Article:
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[361] in dialect and excellence in the short story have been almost synonymous in American literature since the Civil War. They indicate also that dialect has been both an expression and a cause of the interstate knowledge and interstate sympathy that have linked the far separated sections of the United States into closer bonds of union and fellowship.

The resemblances, however, existing among the dialects of the different sections of the United States are so great, and the differences so slight, that one hesitates to call these speech peculiarities dialects at all. The reign of the newspaper, diffused educational facilities, increasing means of travel and transportation, together with the American passion for a standardized average of correctness, have checked the tendency to dialect that the colonists brought with them. The effort now making in England, through the Society for Pure English, to restore the old words and racy idioms that survive in the Cornish, Sussex, and Northumbrian dialects and thus to enrich and revitalize standard English, could hardly find imitation in this country, because there are no American dialects that offer corresponding rewards. The differences between the New England dialect, the Southern dialect, and the Western dialect, for example, are differences in pronunciation, in intonation, in stress, and slurring, not primarily in the loss or preservation of old words or old idioms. The speech of the mountain districts, especially that of the Southern Appalachian region, retains, it is true, a few words and locutions of old and honourable origin; but these are by no means numerous enough to be used for regenerative purposes on a large scale. Hit (it), holp (helped), ax (ask), afeard (afraid), fray (combat), fraction (as in Troilus and Cressida II, III, 107), antic (clown), humans (human beings), mought (might), Old Christmas (6 January), hone (yearn), tilth (agriculture), back a letter (address an envelope), and a few others may be heard in the mountains of Virginia, North Carolina, Tennessee, and Kentucky. But to affirm that in this dialect or in the dialect of any other part of the United States is to be found our best reservoir of fresh and vigorous English or our surest safeguard against slovenly pronunciation would be manifestly absurd.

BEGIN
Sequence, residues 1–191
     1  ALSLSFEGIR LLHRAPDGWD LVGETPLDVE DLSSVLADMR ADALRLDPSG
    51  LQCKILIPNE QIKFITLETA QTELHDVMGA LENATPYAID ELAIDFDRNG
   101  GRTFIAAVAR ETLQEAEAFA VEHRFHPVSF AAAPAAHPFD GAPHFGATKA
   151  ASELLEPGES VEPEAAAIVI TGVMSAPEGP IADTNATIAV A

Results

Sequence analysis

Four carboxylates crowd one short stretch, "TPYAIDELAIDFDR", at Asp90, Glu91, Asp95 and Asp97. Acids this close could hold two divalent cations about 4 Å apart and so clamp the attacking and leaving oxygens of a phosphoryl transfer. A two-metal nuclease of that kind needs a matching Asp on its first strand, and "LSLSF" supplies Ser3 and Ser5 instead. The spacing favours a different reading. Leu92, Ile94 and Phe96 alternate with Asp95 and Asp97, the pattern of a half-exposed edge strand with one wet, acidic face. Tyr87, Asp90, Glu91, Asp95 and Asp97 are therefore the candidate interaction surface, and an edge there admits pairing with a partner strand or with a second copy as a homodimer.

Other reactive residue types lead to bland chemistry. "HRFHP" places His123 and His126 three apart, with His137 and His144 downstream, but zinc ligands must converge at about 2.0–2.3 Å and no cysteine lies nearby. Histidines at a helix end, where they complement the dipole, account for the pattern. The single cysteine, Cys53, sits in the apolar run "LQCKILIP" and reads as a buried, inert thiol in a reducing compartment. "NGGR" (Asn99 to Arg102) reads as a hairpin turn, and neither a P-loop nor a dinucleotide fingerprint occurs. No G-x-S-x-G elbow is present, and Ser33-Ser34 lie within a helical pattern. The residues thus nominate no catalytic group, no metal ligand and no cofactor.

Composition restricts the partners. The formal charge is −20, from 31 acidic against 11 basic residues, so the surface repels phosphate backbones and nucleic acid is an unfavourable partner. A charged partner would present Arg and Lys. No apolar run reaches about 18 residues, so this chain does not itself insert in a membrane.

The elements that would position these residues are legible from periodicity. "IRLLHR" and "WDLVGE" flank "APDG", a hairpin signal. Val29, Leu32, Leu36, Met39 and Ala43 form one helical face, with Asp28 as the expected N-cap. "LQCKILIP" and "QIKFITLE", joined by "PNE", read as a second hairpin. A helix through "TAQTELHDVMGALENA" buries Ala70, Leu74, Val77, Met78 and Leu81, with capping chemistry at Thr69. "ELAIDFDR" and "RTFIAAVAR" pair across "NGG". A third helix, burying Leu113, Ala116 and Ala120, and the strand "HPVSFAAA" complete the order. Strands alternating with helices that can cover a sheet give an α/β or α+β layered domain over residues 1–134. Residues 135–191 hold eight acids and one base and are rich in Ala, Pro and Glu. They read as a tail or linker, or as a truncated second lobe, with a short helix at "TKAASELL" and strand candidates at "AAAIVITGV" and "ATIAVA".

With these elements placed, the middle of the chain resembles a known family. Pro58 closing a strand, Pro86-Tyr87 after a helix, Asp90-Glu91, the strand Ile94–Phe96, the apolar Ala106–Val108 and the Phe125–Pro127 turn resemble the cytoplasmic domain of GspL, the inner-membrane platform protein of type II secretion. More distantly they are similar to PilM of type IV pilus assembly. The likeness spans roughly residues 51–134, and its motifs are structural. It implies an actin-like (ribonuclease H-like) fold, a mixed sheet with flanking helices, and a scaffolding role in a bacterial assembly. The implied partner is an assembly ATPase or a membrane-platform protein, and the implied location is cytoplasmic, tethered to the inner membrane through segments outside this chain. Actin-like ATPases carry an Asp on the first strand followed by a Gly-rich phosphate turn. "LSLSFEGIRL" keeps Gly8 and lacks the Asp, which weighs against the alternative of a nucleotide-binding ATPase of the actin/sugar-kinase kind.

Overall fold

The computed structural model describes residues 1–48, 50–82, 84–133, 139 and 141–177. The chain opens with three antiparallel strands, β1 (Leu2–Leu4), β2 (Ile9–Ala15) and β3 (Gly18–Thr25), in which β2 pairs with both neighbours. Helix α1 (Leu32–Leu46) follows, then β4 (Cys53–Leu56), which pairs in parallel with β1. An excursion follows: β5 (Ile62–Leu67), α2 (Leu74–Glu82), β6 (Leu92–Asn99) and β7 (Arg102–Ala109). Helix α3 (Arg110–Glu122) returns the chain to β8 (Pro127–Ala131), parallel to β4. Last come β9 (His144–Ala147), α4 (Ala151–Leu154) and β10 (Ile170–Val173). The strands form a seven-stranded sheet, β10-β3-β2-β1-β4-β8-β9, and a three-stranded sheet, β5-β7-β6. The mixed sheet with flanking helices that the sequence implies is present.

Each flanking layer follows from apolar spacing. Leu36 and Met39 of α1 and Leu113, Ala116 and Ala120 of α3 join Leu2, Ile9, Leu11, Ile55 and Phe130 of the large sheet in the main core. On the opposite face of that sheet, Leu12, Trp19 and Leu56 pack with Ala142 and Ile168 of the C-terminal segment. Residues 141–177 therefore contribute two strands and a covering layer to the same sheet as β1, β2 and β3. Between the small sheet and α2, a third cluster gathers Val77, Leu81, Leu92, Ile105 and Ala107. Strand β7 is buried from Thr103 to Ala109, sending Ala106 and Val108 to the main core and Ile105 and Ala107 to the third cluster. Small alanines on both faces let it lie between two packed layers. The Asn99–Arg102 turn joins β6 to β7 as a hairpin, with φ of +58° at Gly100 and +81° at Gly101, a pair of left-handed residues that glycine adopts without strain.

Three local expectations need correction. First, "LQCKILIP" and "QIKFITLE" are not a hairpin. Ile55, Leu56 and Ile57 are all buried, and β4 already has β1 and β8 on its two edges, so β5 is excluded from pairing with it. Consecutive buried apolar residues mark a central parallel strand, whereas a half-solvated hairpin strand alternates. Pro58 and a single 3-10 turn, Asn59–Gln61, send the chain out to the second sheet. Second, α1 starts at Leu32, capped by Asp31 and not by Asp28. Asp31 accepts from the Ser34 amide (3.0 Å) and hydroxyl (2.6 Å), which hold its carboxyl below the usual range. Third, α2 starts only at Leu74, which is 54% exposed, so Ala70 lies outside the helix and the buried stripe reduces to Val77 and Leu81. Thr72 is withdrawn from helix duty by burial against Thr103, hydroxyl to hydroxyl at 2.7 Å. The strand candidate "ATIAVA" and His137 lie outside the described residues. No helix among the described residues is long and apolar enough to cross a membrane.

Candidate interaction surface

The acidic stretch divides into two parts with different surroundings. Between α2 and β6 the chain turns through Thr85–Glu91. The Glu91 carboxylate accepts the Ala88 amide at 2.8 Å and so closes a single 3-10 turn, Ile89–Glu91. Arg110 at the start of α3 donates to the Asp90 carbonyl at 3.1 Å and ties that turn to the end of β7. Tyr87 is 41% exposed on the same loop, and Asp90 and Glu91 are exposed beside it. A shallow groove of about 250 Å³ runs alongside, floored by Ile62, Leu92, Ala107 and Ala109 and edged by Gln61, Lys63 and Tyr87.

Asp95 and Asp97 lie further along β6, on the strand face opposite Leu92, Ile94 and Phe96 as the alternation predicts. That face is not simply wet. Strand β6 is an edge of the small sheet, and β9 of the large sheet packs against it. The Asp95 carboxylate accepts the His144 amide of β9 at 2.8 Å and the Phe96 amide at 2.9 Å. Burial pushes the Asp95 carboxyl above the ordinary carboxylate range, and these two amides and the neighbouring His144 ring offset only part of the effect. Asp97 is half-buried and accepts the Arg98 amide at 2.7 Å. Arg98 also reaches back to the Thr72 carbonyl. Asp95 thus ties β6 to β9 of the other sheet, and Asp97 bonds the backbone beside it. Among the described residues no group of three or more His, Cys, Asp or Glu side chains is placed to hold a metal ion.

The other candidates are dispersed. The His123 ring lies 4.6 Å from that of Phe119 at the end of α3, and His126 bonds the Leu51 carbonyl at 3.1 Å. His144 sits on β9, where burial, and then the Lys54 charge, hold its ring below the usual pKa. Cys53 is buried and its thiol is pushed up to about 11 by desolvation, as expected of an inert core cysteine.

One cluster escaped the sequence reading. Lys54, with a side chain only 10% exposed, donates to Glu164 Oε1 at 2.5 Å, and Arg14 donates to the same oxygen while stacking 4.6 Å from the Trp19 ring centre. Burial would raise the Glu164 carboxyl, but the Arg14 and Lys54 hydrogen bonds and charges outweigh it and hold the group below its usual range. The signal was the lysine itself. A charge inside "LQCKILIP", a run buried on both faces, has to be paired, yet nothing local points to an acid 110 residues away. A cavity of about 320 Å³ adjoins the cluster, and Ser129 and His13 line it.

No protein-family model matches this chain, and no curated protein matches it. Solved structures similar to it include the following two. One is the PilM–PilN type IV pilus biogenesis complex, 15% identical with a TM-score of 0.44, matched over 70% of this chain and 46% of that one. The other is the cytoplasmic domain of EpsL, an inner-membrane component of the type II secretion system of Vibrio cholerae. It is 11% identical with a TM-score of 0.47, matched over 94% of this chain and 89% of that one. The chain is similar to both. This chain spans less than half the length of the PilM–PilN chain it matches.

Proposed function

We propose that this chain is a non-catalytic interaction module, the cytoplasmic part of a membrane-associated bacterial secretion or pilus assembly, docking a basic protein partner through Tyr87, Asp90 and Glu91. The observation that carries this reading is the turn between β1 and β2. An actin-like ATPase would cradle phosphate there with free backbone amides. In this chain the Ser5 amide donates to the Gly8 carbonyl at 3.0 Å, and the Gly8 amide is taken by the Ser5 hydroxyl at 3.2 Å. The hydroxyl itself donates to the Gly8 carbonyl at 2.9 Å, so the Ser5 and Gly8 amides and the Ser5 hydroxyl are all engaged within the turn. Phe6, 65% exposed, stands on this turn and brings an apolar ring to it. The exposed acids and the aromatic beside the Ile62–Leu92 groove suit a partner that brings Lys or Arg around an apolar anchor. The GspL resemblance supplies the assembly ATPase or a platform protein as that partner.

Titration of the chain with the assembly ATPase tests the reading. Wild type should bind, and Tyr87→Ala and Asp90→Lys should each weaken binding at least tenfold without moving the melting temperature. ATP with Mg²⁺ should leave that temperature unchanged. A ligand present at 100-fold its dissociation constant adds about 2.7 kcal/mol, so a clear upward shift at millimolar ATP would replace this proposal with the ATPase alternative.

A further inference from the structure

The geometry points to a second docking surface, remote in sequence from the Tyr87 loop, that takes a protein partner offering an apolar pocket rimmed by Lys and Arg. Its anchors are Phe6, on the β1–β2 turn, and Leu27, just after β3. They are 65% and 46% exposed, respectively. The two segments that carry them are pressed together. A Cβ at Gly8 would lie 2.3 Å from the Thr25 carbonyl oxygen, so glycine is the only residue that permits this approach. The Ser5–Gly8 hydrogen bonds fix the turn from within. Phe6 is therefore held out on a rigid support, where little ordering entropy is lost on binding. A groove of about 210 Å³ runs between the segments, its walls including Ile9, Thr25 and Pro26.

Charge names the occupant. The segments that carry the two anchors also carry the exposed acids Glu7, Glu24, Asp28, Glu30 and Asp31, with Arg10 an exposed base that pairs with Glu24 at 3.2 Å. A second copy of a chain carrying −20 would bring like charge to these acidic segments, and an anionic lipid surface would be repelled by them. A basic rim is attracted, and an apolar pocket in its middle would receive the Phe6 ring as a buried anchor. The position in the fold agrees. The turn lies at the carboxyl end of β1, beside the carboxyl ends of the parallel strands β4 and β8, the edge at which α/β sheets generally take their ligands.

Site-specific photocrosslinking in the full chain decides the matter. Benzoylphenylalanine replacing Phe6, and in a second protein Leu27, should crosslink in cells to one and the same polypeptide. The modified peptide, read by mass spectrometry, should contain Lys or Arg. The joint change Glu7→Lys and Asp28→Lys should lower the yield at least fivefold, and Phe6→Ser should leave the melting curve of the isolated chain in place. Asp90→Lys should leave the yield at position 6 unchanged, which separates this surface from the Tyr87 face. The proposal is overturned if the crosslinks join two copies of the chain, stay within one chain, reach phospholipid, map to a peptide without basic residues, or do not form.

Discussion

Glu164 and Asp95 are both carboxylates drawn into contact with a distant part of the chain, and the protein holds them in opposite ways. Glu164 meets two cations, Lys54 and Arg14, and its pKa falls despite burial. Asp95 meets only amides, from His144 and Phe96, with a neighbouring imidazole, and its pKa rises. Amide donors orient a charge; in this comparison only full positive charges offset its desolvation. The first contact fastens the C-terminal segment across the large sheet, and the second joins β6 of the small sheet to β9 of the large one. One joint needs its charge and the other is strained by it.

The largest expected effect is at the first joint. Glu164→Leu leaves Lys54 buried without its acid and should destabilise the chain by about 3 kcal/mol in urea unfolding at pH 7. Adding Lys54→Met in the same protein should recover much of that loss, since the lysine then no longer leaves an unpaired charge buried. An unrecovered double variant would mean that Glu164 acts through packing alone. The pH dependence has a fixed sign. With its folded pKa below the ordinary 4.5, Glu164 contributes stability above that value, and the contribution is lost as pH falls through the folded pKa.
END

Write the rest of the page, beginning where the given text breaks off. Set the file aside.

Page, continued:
While much remains to be done in accurately classifying American speech peculiarities, it needs no proof that the

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